And the memory is not part of your consciousness; the memory is part of your body. The memory is just a mechanism like any computer. You feed it with information and whatever you feed it, it is perfectly comfortable with. It knows it. And knowledge gives you a certain power: you are within the territory where you are the ruler, you know everything.
The unknown, the new, suddenly exposes your ignorance, and that hurts. You don’t want to know your ignorance; that’s why the new is scary. But your ignorance is enormous; your knowledge is just a dewdrop. If you don’t want to remain a dewdrop – closed, absolutely nonreceptive and insensitive to the tremendous existence that is available to be yours any moment – gather courage and come out of your smallness. The moment the dewdrop takes a jump into the ocean is exactly the situation of a man who takes a jump from the mind into meditation.
Mind is so small. Existence and life are so vast, so infinite, that unless you come out of the mind you will live the life of a prisoner and a slave. A slave cannot know what dance is, a slave cannot know what freedom is and the joy of freedom and the blissfulness and the ecstasy of being vast, oceanic.
My work with you is to persuade you to come out of your caves which are dark – although they look very cozy to you because you are acquainted with them.
It happened in the French Revolution…. France had the greatest prison, the Bastille, where only prisoners who were going to be there for their whole lives were sent. They could only enter there; they could never come out. Once a person entered there…. It had only a door to enter through, it had no exit.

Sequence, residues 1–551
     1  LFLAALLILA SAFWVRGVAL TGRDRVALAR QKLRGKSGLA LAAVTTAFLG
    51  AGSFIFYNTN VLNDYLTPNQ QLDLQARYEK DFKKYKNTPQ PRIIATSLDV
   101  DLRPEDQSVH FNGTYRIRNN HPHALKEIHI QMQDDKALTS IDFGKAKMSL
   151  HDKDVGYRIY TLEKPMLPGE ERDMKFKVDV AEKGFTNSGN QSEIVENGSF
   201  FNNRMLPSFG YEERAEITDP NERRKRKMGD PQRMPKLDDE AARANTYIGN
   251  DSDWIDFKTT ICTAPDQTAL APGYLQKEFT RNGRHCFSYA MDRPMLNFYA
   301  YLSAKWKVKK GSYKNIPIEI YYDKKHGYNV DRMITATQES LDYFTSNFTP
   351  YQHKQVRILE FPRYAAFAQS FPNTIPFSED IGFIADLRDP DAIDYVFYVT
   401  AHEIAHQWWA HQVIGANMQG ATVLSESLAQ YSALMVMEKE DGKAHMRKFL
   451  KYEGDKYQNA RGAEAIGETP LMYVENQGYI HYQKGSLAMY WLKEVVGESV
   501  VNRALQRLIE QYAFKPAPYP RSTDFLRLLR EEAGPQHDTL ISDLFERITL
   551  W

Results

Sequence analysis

There are only two places like this in the world, and strangely, both are prisons. One is a Catholic monastery in Europe where whoever enters, enters forever. There are still almost ten thousand monks in that monastery. They cannot come out again, at least not while they are alive. Dead, they are free to go out – in fact others will throw them out.
And the other place, where prisoners were thrown in, was the Bastille. The Bastille had small cells for the prisoners: thousands of caves, dark caves with no light. The prisoners were handcuffed, chained, and the keys of their chains and handcuffs were thrown into a well that was in the middle of the prison – because they were never going to be opened, so what was the point of collecting thousands of keys unnecessarily? There was no point. Those people would die and then their chains would be cut, not opened, so there was no need.
In the French Revolution, the revolutionaries immediately thought to open the doors of the Bastille as a priority, and allow thousands of prisoners their freedom. They were thinking that they were doing something great. They could not have expected the response of the prisoners.
The prisoners refused. They said, “We have lived here, somebody for twenty years, somebody else for thirty years….” There were a few people who had lived there fifty, sixty, seventy years.